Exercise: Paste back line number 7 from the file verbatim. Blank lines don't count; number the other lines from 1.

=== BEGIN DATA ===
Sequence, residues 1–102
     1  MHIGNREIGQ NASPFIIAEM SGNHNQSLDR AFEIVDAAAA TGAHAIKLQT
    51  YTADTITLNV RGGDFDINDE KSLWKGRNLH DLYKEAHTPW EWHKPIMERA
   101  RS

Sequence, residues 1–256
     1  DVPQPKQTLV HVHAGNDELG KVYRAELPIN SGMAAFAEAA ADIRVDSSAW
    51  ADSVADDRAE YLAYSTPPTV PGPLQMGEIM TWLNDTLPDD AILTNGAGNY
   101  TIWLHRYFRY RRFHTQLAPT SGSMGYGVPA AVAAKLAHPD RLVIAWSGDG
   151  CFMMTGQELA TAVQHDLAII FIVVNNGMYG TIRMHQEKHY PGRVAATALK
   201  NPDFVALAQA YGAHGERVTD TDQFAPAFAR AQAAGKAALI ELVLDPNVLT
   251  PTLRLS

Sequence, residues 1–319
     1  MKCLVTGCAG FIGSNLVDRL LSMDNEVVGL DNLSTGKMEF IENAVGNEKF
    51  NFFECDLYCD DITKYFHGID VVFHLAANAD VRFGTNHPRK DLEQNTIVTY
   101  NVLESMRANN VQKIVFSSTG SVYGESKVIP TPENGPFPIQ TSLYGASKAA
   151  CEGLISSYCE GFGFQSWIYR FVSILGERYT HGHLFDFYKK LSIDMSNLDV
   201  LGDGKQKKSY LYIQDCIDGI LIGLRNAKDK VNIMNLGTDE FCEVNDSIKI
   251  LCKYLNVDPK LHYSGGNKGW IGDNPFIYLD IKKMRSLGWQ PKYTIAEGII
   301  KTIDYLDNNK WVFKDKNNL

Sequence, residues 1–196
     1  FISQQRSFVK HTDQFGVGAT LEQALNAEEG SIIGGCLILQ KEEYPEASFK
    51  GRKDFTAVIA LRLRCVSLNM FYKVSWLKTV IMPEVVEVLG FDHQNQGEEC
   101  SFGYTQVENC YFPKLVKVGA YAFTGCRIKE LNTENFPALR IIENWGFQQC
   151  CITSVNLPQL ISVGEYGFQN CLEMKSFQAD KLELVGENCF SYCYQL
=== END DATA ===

    51  ADSVADDRAE YLAYSTPPTV PGPLQMGEIM TWLNDTLPDD AILTNGAGNY